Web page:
Kim asked: "How do you find you work with midwives at homebirths? What services do you generally replicate? What services do you provide post-partum that midwives do not?"
As another Doula said recently, it is a treat to attend home births. I may be kicking myself in the gut for this one later, but I am going to be honest - we, as doula's, are most beneficial at hospital births, as that is the place where you will not have as much support, need more advocacy intervention, and not be assigned one support person to be with you throughout the duration of the journey.
Times when we compliment midwife-attended home births well: when the S/O or dh is not involved, is deployed, works long-distance - or it otherwise not available, when mom has other children who could use distraction or someone to ask questions to, or when MW lives a far way away, mom has a history of fast labors, or a combo of the two.
I have found that midwives are VERY open to a doula attending a home birth as many women feel safer surrounded (literally) by female energy (and no, this is not a New Age or Scientology thing). Often, in a home birth setting, I arrive before the midwife does, help midwife to assess when it would be a good time for her to come over, make food/drinks, clean up, help with the kids, answer phones, assist said midwife, AND help with regular doula goings-on.
The best way to explain it is this: in a home birth setting, I am an extra pair of hands and a comforter. In a hospital setting, I am an advocate, a mediator, a monitor, a comforter, a servant, and a constant companion.
I don't provide much pp that a midwife won't, although I may be able to get over to your home sooner for something than your midwife, depending on how many clients your mw has at that time/season... I also offer, at your 2 week, to do ANYTHING you need: answer questions, go over the birth story, fold some laundry, pick up a prescription, watch the older kids so momma and baby can take a 2 hour nap, run the vacuum, help with breastfeeding, etc... I don't know many mw's who do the domestic duties at check-ins.
Amber asked (sorry no linky): "When a woman has been determined "high risk" for preterm labor and given bedrest from 20 weeks into her pregnancy, does that automatically preclude a natural childbirth from happening, assuming the pregnancy is continued to full term. Yes, the situation is mine. I am now almost 22weeks and desperate to know if 14weeks of bedrest automatically means a C-section. I've been dreaming about giving birth for so long and I just can't find any help."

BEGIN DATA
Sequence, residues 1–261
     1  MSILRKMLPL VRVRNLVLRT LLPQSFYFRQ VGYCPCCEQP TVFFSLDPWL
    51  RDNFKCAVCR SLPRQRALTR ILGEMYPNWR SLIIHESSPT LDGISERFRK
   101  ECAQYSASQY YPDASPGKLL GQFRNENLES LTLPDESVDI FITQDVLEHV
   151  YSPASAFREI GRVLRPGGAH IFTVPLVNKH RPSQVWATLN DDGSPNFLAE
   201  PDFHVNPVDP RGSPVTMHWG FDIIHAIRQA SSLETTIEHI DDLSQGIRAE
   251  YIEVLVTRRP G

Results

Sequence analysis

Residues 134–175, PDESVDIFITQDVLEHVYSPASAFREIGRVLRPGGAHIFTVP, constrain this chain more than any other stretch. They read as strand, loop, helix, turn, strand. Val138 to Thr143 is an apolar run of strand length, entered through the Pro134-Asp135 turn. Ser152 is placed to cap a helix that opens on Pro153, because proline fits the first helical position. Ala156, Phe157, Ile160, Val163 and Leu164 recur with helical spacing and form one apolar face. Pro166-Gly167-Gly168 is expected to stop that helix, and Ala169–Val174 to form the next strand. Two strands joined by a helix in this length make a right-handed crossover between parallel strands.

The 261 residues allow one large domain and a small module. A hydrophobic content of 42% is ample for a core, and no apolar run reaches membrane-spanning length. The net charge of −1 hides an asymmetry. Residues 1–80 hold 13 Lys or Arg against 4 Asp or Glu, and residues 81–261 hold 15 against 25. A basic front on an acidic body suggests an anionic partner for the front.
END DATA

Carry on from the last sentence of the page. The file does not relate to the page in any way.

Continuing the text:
Amber - it all depends on what reasons you have been given for 'high risk'. In most situations, natural childbirth is the safest route of birth for both baby and mom. This is doubly true for babies who might have other 'issues' at birth - as medication in birth can further compromise the health of mom and baby, vaginal, unmedicated birth is even more important. Again, I would need more information on your particular situation before I would be able to address your specific needs... but, with what information you gave me, my answer is 'no, bedrest does not automatically preclude a natural childbirth from happening'.
You could probably find a CBE willing to do a private, in-home CBE course for you, and a doula who was familiar with your particular situation could greatly benefit you - as well as doing your own research to become as familiar with your situation as possible - knowing the risks of different interventions, so that when your medical team suggests something you can be well prepared with your own armory of information. As I repeat often to mom's, 'no one is responsible for your health care and that of your unborn baby but YOU'.
I love answering readers' questions and welcome ppl to write their own in the comments. If you leave your linky, I will buzz you to let you know I have responded to your Q.